I don't know if it was the right call or not from a rule book perspective. From an X's and O's perspective, what Fuller and Prosise did isn't critical. They weren't the focal point of this play. They were at best a third and fourth option. Their patterns were primarily designed to isolate Robinson's route. Even if Fuller and Prosise don't touch the defenders, FSU is in trouble on this play. Notre Dame has them flanked because of alignment, not because of contact. Oddly enough, this is being called a pick play, but the player responsible for covering Robinson was never touched by anyone.
Of course, why contact is taking place is a critical component to the penalty call. While the angle from ESPN's broadcast seems to support the offensive pass-interference call, the look from behind the play shows two Florida State defensive backs doing their best to disrupt both Prosise and Fuller's pass routes with press-man coverage, playing perfectly into Notre Dame's hands, though also leading to the Irish's demise.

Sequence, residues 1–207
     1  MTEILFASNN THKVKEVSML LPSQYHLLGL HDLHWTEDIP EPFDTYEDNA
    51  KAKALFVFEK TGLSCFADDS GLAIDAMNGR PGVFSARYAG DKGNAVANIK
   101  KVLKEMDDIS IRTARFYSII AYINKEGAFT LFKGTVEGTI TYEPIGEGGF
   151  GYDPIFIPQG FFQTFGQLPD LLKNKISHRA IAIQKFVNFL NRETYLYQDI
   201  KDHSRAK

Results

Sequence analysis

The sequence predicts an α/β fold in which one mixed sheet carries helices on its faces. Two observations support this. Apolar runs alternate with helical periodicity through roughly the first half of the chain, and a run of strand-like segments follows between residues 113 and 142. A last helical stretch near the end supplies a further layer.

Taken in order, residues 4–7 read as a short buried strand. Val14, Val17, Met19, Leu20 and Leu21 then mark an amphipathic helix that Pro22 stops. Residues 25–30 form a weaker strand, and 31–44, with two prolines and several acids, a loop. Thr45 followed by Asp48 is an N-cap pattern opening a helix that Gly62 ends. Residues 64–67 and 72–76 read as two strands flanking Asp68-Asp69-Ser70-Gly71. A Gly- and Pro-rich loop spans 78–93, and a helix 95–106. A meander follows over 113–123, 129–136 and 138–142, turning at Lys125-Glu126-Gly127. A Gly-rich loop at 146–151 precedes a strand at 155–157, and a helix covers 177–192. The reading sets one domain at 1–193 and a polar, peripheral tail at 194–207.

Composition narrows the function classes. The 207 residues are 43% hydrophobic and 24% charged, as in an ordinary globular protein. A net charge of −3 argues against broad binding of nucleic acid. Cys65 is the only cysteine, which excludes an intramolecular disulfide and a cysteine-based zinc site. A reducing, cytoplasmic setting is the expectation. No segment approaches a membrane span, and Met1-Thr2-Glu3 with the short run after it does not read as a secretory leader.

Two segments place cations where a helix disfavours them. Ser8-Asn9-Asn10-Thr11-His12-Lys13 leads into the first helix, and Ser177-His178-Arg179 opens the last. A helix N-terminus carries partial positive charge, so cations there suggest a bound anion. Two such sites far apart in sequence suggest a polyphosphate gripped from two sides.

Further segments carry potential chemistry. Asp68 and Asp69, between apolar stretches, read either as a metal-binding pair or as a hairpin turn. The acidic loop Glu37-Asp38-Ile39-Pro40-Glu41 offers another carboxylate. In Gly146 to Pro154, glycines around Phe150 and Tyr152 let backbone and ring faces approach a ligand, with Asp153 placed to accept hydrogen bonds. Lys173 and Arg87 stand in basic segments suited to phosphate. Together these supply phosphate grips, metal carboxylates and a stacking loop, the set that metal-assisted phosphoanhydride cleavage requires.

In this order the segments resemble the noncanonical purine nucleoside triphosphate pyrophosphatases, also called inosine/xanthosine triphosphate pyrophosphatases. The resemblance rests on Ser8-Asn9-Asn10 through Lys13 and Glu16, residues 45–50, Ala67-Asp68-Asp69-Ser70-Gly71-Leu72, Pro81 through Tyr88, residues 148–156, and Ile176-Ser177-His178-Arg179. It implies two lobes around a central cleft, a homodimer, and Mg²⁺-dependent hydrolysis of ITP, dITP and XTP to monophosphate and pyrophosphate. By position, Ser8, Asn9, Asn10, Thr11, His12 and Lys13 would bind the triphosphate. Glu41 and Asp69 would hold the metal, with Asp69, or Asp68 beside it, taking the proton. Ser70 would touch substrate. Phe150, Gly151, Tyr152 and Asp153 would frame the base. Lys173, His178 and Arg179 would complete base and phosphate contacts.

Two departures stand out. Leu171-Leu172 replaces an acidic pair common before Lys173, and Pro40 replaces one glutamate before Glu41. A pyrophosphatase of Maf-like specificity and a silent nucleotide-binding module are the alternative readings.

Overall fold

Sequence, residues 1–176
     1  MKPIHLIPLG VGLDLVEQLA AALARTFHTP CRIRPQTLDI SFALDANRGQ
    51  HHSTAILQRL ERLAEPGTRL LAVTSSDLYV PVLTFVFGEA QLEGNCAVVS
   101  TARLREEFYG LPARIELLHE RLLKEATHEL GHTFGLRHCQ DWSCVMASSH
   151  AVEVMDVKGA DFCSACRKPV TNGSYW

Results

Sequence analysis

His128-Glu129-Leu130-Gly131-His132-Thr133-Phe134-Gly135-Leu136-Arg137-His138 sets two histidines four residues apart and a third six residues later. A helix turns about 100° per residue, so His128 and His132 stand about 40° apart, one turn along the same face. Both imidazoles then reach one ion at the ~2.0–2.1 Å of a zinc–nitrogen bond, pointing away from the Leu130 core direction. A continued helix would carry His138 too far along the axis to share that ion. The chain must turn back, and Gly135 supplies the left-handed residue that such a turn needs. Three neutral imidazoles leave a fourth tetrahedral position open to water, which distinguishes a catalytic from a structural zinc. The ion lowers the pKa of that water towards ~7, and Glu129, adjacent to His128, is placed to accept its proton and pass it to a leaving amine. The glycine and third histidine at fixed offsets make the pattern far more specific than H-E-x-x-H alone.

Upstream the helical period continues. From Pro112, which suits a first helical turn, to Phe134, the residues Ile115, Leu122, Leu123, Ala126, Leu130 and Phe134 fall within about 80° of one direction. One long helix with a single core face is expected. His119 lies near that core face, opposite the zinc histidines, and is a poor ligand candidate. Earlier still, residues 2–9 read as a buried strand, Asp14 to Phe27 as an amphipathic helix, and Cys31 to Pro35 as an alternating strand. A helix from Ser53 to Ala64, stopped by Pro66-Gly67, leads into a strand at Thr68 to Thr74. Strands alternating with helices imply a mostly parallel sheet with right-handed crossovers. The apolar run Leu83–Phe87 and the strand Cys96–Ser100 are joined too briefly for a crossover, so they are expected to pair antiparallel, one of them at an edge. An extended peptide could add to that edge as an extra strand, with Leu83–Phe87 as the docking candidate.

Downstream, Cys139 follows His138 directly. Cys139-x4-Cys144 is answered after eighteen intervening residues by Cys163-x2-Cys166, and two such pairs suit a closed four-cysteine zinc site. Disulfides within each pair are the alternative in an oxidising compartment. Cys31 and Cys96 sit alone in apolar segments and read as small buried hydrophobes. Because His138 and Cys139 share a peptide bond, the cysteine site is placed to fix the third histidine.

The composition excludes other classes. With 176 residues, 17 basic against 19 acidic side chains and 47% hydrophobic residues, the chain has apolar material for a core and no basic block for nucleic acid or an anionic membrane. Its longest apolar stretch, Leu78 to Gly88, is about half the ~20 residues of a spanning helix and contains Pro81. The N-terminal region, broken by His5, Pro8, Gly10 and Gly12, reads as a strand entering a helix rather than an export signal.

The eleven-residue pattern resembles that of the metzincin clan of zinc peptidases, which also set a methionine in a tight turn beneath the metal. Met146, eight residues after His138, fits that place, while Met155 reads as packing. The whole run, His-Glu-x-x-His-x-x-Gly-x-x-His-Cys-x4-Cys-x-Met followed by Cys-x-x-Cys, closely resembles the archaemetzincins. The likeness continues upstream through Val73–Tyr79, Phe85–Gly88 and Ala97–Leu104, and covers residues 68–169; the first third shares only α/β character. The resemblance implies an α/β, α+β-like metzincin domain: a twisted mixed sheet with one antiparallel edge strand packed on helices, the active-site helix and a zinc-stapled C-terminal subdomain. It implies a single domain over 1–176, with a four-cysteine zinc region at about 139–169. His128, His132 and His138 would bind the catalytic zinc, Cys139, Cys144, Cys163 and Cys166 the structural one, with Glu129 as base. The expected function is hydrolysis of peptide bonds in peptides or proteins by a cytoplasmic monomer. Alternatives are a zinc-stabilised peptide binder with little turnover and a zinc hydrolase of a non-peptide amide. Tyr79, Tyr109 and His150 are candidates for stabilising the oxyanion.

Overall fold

If the debate wasn't enough, no dissection of this play is complete without one other key addition: If the officials were intent on calling the play by the letter of the law, they missed a key penalty that would've given Notre Dame an automatic first down.
Florida State defensive back P.J. Williams removed his helmet after watching Corey Robinson score what he thought was the game-winning touchdown. That's a dead-ball, unsportsmanlike-conduct penalty.
Kelly said that the ACC acknowledged the missed call, the result of which would've been a 1st-and-goal from Notre Dame's 9-yard line with 13 seconds remaining.
In a parallel universe, the Irish and Seminoles returning to the field to square off again for 13 seconds would be a college football event unlike any we've ever seen. It's also a pipe dream, one that will only drive Irish fans crazy as they continue to dig into a 50-50 penalty that could've gone either way.
But after a week of endless hype for a game that somehow managed to live up to it, the controversial finish almost adds to the legend of this heavyweight bout.
Penalty or not? It'll be debated for years to come.
*Unless otherwise noted, all quotes obtained firsthand.